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  1. #11
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    Not it, but worth a check
    https://2016.export.gov/canada/

  2. #12
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    Internal transaction number generated by AES

    https://help.cbp.gov/app/answers/det...mber-%28itn%29

    That’s one part, AES is the system you need to be able to access I believe

  3. #13
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  4. #14
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    Read up, and drive to the nearest airport with a US presence. If you’re near Vancouver, there’s other options, including an embassy. Maybe Kelowna has customs, not sure.

    Same place you can get processed for your NEXUS by the US, you’ll find an office outside security you can access. If it’s a long trip, call first to see if an appointment can be made. Appointment needed for Nexus, likely for in depth conversation as well. Make sure you write down agents full name and number. They can be very erratic in deciding on vague portions of information, and having another agent for them to call/confirm will do wonders. Even if they don’t call them.

  5. #15
    Canadian ForcesMember srdiver's Avatar
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  6. #16
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    Quote Originally Posted by TreeLeaf View Post
    Thanks guys. I've spoken to CBSA and they've given me some good advice about importing the firearms, that's not a huge issue. The problem is legally exporting them from the USA.
    Quote Originally Posted by srdiver View Post
    If he was bringing them from St. Pierre, Miquelon, Bermuda, Jordan, Angola, Bolivia, Japan, possibly.

    But not when our biggest trading partner, the USA, is involved. They have a system in place for things to leave.

    To paraphrase Bilions “compliance must be complied with”

  7. #17
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    Quote Originally Posted by SIR VEYOR View Post
    If he was bringing them from St. Pierre, Miquelon, Bermuda, Jordan, Angola, Bolivia, Japan, possibly.

    But not when our biggest trading partner, the USA, is involved. They have a system in place for things to leave.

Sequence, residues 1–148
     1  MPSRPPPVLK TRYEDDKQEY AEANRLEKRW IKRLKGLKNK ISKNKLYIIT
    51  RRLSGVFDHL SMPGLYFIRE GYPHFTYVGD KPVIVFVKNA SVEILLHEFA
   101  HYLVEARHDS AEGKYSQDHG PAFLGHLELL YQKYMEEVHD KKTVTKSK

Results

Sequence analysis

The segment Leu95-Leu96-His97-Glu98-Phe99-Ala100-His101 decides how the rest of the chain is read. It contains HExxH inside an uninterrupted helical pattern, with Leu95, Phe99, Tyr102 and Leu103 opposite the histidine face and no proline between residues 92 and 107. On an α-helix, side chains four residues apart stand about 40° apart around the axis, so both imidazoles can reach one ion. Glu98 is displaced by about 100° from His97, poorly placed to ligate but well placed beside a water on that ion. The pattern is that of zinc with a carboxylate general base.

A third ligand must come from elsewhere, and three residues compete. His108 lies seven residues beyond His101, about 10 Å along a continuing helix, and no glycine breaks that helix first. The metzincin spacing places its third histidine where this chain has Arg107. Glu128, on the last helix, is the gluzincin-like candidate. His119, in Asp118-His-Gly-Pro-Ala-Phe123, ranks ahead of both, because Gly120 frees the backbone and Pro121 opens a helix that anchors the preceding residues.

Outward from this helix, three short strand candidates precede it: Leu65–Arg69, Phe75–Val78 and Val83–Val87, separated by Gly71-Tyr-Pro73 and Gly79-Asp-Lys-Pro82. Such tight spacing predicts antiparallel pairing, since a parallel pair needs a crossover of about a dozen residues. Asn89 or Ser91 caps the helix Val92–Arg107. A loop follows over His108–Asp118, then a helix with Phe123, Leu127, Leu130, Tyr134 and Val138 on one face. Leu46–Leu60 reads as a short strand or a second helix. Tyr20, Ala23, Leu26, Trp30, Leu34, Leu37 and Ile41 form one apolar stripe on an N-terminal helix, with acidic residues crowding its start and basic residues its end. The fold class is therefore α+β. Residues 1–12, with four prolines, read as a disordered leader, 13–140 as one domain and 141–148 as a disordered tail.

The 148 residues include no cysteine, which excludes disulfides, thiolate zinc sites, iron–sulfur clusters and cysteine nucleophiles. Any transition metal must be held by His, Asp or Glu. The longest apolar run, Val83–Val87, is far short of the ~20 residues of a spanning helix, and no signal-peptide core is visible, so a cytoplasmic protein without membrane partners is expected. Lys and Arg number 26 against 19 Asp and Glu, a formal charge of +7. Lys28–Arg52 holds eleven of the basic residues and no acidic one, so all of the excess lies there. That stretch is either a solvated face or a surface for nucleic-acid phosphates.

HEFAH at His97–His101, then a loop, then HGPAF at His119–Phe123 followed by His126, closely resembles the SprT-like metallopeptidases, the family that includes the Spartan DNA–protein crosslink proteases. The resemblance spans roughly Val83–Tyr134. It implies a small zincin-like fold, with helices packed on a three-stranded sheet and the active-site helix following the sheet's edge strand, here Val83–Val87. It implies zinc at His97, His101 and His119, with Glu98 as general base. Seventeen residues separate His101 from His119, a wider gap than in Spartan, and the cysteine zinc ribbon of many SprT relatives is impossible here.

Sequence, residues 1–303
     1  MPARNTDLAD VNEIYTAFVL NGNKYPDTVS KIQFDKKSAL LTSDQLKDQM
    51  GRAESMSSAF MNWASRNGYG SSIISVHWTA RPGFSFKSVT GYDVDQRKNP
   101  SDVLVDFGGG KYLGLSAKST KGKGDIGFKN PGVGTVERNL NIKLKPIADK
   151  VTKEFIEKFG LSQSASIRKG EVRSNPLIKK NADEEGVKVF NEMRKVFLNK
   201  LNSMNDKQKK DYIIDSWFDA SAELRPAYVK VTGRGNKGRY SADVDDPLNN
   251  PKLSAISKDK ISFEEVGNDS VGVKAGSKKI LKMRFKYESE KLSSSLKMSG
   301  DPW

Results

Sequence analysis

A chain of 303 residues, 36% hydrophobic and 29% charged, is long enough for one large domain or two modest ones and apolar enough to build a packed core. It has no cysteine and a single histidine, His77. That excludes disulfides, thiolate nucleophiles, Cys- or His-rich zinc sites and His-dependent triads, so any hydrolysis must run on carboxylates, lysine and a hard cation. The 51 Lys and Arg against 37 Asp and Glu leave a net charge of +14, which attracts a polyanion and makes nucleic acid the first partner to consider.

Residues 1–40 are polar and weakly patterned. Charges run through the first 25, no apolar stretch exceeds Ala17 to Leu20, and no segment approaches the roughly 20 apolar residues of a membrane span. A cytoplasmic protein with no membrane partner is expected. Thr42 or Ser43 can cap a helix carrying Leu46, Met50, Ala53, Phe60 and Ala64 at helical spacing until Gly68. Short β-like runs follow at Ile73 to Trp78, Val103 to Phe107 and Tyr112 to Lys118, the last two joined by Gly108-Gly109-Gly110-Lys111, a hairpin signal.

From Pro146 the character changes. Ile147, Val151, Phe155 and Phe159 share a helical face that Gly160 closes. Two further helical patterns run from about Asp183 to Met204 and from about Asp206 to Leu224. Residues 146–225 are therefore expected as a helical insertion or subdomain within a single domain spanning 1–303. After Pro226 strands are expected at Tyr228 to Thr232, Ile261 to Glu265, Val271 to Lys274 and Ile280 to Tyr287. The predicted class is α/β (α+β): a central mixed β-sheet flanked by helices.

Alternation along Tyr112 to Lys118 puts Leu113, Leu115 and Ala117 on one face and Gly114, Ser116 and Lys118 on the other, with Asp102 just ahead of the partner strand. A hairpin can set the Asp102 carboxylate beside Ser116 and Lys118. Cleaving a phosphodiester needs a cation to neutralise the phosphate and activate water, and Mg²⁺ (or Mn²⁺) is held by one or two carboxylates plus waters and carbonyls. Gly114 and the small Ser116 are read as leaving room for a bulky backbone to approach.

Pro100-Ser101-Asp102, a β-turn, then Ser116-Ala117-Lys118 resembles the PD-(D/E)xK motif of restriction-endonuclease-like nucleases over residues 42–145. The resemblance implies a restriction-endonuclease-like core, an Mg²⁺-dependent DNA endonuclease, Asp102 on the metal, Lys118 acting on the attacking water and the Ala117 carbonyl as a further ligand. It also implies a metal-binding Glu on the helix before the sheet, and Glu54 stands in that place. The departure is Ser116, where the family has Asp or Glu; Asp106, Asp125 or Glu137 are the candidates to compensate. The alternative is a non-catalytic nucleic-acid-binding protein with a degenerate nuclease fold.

To paraphrase Bilions “compliance must be complied with”
    It's incredible that it's so easy to find relatively straightforward information on taking firearms across the border temporarily, and pretty straightforward to pay a third party company to handle permanent export for you but so damn complicated just finding the information to do it yourself.

    Thanks Veyor, that's pretty helpful, cheers.

  8. #18
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    Contact the US State Dept. They issue the one time exception letters for emigrants' firearms, estate firearms, etc.

  9. #19
    Canadian ForcesMember srdiver's Avatar
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    we are overlooking the fact that he is not exporting - he already owns them, akin to US Citizen moving to Canada with a uhaul full of personal belongings or their vehicle already purchased and paid for. At the immediate time of crossing his intentions are not resale or transfer to a second party and intend on maintaining possesion of the firearms so they are not exporting.

  10. #20
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    Quote Originally Posted by srdiver View Post
    we are overlooking the fact that he is not exporting - he already owns them, akin to US Citizen moving to Canada with a uhaul full of personal belongings or their vehicle already purchased and paid for. At the immediate time of crossing his intentions are not resale or transfer to a second party and intend on maintaining possesion of the firearms so they are not exporting.
    It's technically exporting. If the firearms are leaving the US for a length of time, they are being exported. I haven't moved firearms across the US/Canada border, but I've imported/exported personal belongings and several vehicles in both directions. Personal possessions (that you've owned for at least 6 months) makes you export/import them tax free - usually (or tax free up to $10,000 on vehicles when going from US to Canada - but you pay GST/PST/HST on the remainder, and they may also get you on an air conditioning fee, etc.). You are technically exporting your personal possessions, you're just tax-exempt on most things - but it's exporting. But around certain goods like vehicles and firearms, there are also special processes to export and import outside your regular possessions - paperwork prepared and time at the counter on both sides of the border are required. Usually calling the places up and telling them what you want to do, they're pretty helpful - and they're usually pretty nice at the counter too. But I've seen people get sent away and unable to export vehicles from the US for not having their paperwork (you have to give them a few days notice of when you are crossing), so it definitely helps to do a bit of legwork.

    I definitely wouldn't recommend just putting them on the truck with other belongings. Especially coming into the Canadian side, because they sometimes like to look at the moving trucks and see if GST needs to be paid. They usually just look for high ticket electronics, and see if stuff is in new boxes or check manufacturing dates (to figure if you've had for less than 6 months). But if they find something like firearms that aren't on the manifest, I wouldn't be surprised if they rat you out to the US side.

    I wish I knew more to help, but I haven't done this yet. Although I am curious about how difficult and/or expensive this endeavour ends up being for Treeleaf, because just the other day I was thinking I might be in a position where I may need to do this one day.

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